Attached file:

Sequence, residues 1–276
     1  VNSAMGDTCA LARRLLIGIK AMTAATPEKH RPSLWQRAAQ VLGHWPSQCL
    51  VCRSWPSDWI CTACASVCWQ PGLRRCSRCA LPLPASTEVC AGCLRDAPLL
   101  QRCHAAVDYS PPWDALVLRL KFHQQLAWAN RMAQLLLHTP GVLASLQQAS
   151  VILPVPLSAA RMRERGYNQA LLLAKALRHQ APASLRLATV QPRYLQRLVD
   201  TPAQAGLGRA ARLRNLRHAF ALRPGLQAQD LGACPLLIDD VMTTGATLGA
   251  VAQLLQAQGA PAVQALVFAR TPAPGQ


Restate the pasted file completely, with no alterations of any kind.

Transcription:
Sequence, residues 1–276
     1  VNSAMGDTCA LARRLLIGIK AMTAATPEKH RPSLWQRAAQ VLGHWPSQCL
    51  VCRSWPSDWI CTACASVCWQ PGLRRCSRCA LPLPASTEVC AGCLRDAPLL
   101  QRCHAAVDYS PPWDALVLRL KFHQQLAWAN RMAQLLLHTP GVLASLQQAS
   151  VILPVPLSAA RMRERGYNQA LLLAKALRHQ APASLRLATV QPRYLQRLVD
   201  TPAQAGLGRA ARLRNLRHAF ALRPGLQAQD LGACPLLIDD VMTTGATLGA
   251  VAQLLQAQGA PAVQALVFAR TPAPGQ